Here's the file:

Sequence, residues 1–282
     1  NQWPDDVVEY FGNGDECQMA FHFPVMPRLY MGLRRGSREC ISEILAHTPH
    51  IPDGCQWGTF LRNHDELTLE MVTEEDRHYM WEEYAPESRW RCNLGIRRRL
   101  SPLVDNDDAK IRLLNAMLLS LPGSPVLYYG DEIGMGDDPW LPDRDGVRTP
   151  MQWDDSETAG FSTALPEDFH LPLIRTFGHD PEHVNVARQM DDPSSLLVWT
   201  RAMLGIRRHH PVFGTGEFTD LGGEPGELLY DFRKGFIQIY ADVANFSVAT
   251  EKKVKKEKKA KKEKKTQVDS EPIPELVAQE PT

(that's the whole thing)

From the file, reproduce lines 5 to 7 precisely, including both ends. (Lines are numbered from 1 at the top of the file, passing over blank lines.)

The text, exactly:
   151  MQWDDSETAG FSTALPEDFH LPLIRTFGHD PEHVNVARQM DDPSSLLVWT
   201  RAMLGIRRHH PVFGTGEFTD LGGEPGELLY DFRKGFIQIY ADVANFSVAT
   251  EKKVKKEKKA KKEKKTQVDS EPIPELVAQE PT